The most turbulent and understandable technology is blockchain. It is easy to sell the technology to the corporate sector because there is an understandable value and it can be monetized with ease. Smart contracts, however, require improvements and long-term implementation. The development of smart contracts is moving quite slowly and will move at this speed for about two more years. This requires an army of professionals, there are not enough people to implement the system, because the implementation is boring, and everyone needs it to be interesting, fun. One needs only pave the way, and others will immediately run along.
This market, in the form in which it existed, was doomed to death back in 2017. The only thing that saved the ICO was the drop in the exchange rates of the main cryptocurrencies. While people felt comfortable investing in large tokens, constantly marking down Xs and having growth, the ICO industry was booming, but it was moving towards its natural deadlock associated with regulation. There were many scammers, who collected money for various developments, but the projects burned out at the initial stages and did not yield any profits on the exchanges.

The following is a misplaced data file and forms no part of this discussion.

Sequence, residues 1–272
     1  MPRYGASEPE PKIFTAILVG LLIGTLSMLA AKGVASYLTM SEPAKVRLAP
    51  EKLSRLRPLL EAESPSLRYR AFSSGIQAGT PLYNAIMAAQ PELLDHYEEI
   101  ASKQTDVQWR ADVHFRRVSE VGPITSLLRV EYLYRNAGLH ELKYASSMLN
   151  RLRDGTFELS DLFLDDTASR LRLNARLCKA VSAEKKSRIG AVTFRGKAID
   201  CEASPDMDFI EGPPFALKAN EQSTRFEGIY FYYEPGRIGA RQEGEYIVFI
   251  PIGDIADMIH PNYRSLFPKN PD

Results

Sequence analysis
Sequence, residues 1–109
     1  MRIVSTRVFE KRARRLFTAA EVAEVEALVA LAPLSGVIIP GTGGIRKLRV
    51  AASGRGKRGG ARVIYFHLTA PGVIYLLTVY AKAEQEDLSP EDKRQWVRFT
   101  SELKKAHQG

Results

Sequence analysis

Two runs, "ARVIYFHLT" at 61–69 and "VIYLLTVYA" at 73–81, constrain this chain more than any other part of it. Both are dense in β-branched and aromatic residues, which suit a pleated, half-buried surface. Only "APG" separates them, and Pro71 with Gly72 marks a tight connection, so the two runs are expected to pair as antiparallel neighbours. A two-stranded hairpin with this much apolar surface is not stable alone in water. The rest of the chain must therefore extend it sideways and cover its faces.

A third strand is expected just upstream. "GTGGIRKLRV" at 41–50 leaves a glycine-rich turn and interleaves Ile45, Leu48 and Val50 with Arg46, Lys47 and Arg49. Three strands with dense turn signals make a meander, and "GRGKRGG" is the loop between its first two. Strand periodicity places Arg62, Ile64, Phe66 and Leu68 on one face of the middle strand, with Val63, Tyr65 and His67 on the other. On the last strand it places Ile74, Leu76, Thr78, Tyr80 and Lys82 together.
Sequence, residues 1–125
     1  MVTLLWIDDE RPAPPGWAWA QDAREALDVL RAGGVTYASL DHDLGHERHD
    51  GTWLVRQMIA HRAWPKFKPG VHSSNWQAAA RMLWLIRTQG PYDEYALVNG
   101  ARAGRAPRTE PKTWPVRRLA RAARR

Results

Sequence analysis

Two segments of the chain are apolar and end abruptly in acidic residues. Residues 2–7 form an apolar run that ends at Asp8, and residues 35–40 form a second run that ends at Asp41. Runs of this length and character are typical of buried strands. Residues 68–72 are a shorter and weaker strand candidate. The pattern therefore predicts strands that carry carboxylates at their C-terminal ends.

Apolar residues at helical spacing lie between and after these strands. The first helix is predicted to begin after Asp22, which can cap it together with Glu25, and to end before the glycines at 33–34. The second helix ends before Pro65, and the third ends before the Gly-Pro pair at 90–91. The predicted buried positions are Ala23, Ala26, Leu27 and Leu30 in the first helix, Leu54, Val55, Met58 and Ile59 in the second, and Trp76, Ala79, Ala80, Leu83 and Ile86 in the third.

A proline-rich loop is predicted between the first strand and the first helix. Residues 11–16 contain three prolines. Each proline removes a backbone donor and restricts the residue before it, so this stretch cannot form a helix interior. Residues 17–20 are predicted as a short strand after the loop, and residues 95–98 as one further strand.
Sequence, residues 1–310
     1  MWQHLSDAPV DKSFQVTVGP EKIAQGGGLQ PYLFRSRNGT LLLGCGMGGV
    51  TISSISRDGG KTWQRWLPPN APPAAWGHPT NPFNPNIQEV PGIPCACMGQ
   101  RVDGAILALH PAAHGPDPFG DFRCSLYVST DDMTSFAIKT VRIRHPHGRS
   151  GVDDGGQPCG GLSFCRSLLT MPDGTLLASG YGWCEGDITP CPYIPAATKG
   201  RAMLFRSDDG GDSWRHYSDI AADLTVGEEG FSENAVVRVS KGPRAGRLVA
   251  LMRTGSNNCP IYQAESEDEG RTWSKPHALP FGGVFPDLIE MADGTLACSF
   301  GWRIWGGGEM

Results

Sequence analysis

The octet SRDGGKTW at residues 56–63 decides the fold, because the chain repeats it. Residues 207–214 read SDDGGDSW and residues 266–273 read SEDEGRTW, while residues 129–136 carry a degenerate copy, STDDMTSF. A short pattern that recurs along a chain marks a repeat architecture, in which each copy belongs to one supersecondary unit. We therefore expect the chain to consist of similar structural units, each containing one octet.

In an unregulated space, the ICO bubble will burst sooner or later. We [Russia] will either follow the Chinese scenario with a direct ban on ICOs and its binding to securities, or the American one, when it is allowed to conduct ICOs through the regulator. Or there is another mechanism, as, for example, Vitalik Buterin suggested the multi-stage and multi-level ICO. But, such an industry will not survive, something must change.
The Role of the State in the Crypto Industry
The state has no experience in regulating the crypto business, and it is likely that it will commit a lot of mistakes. But, I think that the state is the necessary evil, without which this industry will not become truly systematic and large-scale. At a minimum, the state must implement what will protect the end user; we must become more civilized. The spirit of Victorianism that cryptocurrency is steeped in is not compatible with rigid regulation, because tokens are inconvenient to monitor and crypto flows are difficult to manage. Therefore, the state should take a liberal position and say: "We will allow this miracle to develop, let it grow, we will only limit it in the most dangerous manifestations, for example, with an uncontrolled collection of investments under the promise of gold mountains in the future."